7. 7. Middle East Committee 2015 Year-in-Review | ADVANCE COPY Iran 3 commercial passenger aircraft and related parts.4 Importantly, the JCPOA contains “snap back” provisions, whereby sanctions can be re-imposed in the event of significant non-performance.5 The JCPOA also sets a schedule by which all parties are to complete their commitments. Once the U.N. Security Council adopted Resolution 2231, endorsing the JCPOA and including snap back provisions, it set in motion the JCPOA’s implementation schedule.6 In October 2015, the IAEA announced completion of its investigation to address outstanding issues with Iran’s nuclear program, and the parties began preparing to implement their respective commitments.7 U.S. Secretary of State John Kerry published the “JCPOA Contingent Waivers” of U.S. sanctions, effective on “Implementation Day,” when the United States has confirmation that Iran implemented its nuclear-related commitments, verified by the IAEA.8 The European Council adopted measures to lift E.U. nuclear-related and financial sanctions, effective on Implementation Day.9 Iran also informed the IAEA that it will implement the Additional Protocol to the Nuclear Non-Proliferation Treaty and IAEA Modified Code 3.1 of the Subsidiary 4 See JCPOA, Annex II – Sanctions-Related Commitments, U.S. DEPARTMENT OF STATE (July 14, 2015), available at http://www.state.gov/documents/organization/245320.pdf (specifying in note 6 at page 8 application of these commitments for non-U.S. persons; U.S. persons and U.S.-owned or U.S.-controlled foreign entities will still be generally prohibited from conducting transactions of the type under the JCPOA without authorization by the U.S. Department of Treasury’s Office of Foreign Assets Control (OFAC)). 5 See JCPOA, U.S. DEPARTMENT OF STATE (July 14, 2015), ¶¶ 36-37, available at http://www.state.gov/documents/organization/245317.pdf. 6 S.C. Res. 2231 (July 20, 2015), available at http://www.un.org/en/sc/inc/pages/pdf/pow/RES2231E.pdf (noting the provisions in ¶ 12 to reapply U.N. Security Council resolutions in the event of significant non- performance of commitments); see also Security Council, Adopting Resolution 2231 (2015), Endorses Joint Comprehensive Agreement on Iran’s Nuclear Programme, UNITED NATIONS (July 20, 2015), http://www.un.org/press/en/2015/sc11974.doc.htm. 7 IAEA Statement on Iran, INTERNATIONAL ATOMIC ENERGY AGENCY (Oct. 15, 2015) [hereinafter IAEA], https://www.iaea.org/newscenter/news/iaea-statement-iran-0; JCPOA, Annex V – Implementation Plan, U.S. DEPARTMENT OF STATE (July 14, 2015), § B – Adoption Day, available at http://www.state.gov/documents/organization/245324.pdf. 8 See Waiver Determinations and Findings, U.S. DEPARTMENT OF STATE (Oct. 18, 2015), available at http://www.state.gov/documents/organization/248501.pdf; see also Frequently Asked Questions Relating to Adoption Day under the Joint Comprehensive Plan of Action, U.S. DEPARTMENT OF THE TREASURY (Oct. 18, 2015), available at http://www.treasury.gov/resource- center/sanctions/Programs/Documents/jcpoa_adoption_ faqs_20151018.pdf. 9 Iran Nuclear Deal: Council Adopts the Legal Acts to Prepare for the Lifting of all Nuclear-Related Economic and Financial EU Sanctions, COUNCIL OF THE E.U. (Oct. 18, 2015), available at http://www.consilium.europa.eu/press-releases-pdf/2015/10/40802203802_en_635807932200000 000.pdf.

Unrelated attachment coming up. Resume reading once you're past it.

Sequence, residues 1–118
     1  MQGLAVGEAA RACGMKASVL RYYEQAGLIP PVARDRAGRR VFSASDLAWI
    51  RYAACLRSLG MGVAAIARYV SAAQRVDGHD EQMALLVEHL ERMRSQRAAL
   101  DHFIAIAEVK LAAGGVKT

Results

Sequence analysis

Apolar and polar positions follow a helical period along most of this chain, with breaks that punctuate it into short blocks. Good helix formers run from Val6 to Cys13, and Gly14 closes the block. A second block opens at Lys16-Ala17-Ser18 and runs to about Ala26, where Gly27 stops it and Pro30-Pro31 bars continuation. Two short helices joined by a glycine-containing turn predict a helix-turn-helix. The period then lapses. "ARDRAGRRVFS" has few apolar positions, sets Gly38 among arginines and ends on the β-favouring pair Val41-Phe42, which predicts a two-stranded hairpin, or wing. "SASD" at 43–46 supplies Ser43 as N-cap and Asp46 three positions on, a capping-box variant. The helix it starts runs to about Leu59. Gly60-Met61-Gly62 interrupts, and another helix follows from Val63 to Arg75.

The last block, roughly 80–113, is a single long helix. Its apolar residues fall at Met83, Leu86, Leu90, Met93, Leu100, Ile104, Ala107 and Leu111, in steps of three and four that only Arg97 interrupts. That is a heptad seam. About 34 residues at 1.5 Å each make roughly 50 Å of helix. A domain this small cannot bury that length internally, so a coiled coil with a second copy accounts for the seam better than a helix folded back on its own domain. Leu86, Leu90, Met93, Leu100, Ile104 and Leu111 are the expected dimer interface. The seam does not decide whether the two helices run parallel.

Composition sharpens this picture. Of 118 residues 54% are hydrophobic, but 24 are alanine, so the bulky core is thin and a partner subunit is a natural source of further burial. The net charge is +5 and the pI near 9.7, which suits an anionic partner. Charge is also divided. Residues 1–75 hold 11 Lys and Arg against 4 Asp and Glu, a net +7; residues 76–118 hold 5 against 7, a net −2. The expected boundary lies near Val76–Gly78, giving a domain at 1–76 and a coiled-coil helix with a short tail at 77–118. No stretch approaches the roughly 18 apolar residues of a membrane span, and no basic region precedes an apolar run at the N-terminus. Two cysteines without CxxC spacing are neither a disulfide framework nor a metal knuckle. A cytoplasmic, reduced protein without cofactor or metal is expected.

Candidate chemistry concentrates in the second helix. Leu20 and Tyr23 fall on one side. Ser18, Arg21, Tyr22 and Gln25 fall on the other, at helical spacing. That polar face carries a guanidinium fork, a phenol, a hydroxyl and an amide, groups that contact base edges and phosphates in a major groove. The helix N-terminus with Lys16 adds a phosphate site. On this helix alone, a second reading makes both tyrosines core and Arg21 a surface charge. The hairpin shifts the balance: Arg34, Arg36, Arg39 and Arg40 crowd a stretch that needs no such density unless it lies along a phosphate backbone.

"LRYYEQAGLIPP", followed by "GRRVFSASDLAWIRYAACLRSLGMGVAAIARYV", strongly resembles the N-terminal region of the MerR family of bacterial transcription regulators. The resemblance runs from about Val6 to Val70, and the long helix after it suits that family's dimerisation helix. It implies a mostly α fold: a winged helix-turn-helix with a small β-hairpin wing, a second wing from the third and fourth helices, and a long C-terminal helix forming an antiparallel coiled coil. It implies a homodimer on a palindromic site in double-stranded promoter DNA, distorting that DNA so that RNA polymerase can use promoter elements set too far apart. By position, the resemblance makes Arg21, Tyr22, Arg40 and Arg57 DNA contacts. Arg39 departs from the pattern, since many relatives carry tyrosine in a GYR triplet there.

8. 8. Middle East Committee 2015 Year-in-Review | ADVANCE COPY Iran 4 Arrangements to its Safeguards Agreement on Implementation Day.10 With the IAEA’s verification that Iran met its commitments,11 January 16, 2016 marked Implementation Day when sanctions waivers took effect.12 Even before Implementation Day, some Western companies were looking east. Sephora, a French cosmetics company, was reportedly in talks with distributors in Iran to open several stores in 2016.13 In November 2015, the U.S. Department of the Treasury’s Office of Foreign Assets Control expanded its list of medical supplies available for export to Iran under general licensing (31 C.F.R. 560.530(a)(3)), creating potential for increased sales of medical supplies to Iran.14 U.S. waivers also include licensing for the sale of commercial passenger aircraft and related parts.15 As others look in, Iran is looking outward.16 Currently, Iran is working to increase its oil production.17 Even before the JCPOA was finalized, senior executives from Royal Dutch Shell, 10 See IAEA Statement on Iran 18 October 2015, IAEA (Oct. 18, 2015), https://www.iaea.org/newscenter/news/iaea-statement-iran-18-october-2015. 11 See IAEA Director General’s Statement on Iran, IAEA (Jan. 16, 2016), https://www.iaea.org/newscenter/ statements/iaea-director-general%E2%80%99s-statement-iran. 12 Merrit Kennedy, Implementation Day Arrives: Sanctions on Iran Are Lifted, NPR (Jan. 16, 2016, 5:15 PM), http://www.npr.org/sections/thetwo-way/2016/01/16/463168647/u-n-nuclear-watchdog-confirms-iran- nuclear-deal-set-to-be-implemented. 13 Astrid Wendlandt and Pascale Denis, Exclusive: France’s Sephora to Open Shops in Iran Next Year, REUTERS (Oct. 30, 2015, 2:59 PM), http://www.reuters.com/article/2015/10/30/us-iran-luxury-sephora- exclusive-idUSKCN0SO2J420151030#wdwADRzcpZSQxOIb.97. 14 See OFAC List of Medical Supplies, U.S. DEPARTMENT OF THE TREASURY (Nov. 2, 2015), available at http://www.treasury.gov/resource-center/sanctions/Programs/Documents/iran_gl_med_supplies.pdf; see also Wynn H. Segall and Christian C. Davis, OFAC Expands List of Medical Supplies Eligible for Export to Iran under General Licensing, LEXOLOGY (Nov. 9, 2015), http://www.lexology.com/library/detail.aspx?g =00e8ea7b-7d1d-444b-aecb-833ec3f62ad1. 15 See JCPOA, Annex II, supra note 4, at ¶ 5.1.1. 16 See Thomas Erdbrink, Iran Prepares to Lure Foreign Investors After Nuclear Deal, N.Y. TIMES (Aug. 21, 2015), http://www.nytimes.com/2015/08/22/world/middleeast/after-nuclear-deal-with-west-iran-gears- up-to-cash-in.html; see also Ali Dareini, Iran: Caviar Back on the Market as Sanctions Begin to Ease Off, INDEPENDENT (Nov. 10, 2015), http://www.independent.co.uk/news/world/middle-east/iran-caviar-back- on-the-market-as-sanctions-begin-to-ease-off-a6735391.html. 17 See Javier Blas, Iranian Oil Goes Back on the Market, BLOOMBERG BUSINESS (Nov. 5, 2015, 7:07 AM), http://www.bloomberg.com/news/articles/2015-11-05/iranian-oil-goes-back-on-the-market; Anthony Dipaola and Hashem Kalantari, Iran Kicks off Plan to Boost Oil Exports as Sanctions Lifted, BLOOMBERG